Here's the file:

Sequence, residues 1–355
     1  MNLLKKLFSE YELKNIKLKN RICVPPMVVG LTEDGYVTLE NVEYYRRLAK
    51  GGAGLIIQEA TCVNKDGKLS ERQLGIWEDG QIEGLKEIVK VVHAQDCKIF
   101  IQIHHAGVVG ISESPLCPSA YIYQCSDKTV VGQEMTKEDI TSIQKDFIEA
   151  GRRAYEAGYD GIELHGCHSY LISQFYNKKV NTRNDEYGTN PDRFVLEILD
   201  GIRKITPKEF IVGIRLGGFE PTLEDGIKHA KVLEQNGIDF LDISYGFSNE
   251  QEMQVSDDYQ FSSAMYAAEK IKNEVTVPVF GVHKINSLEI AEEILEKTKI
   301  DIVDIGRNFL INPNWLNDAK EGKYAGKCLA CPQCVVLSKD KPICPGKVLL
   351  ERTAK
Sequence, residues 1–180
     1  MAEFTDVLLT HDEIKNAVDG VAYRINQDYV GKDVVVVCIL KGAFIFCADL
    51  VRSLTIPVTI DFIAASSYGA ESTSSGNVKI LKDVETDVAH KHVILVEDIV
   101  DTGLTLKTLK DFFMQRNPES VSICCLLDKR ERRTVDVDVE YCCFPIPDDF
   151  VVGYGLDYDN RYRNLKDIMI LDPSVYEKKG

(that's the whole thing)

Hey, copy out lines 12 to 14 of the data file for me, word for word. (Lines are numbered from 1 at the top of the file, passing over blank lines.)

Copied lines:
    51  VRSLTIPVTI DFIAASSYGA ESTSSGNVKI LKDVETDVAH KHVILVEDIV
   101  DTGLTLKTLK DFFMQRNPES VSICCLLDKR ERRTVDVDVE YCCFPIPDDF
   151  VVGYGLDYDN RYRNLKDIMI LDPSVYEKKG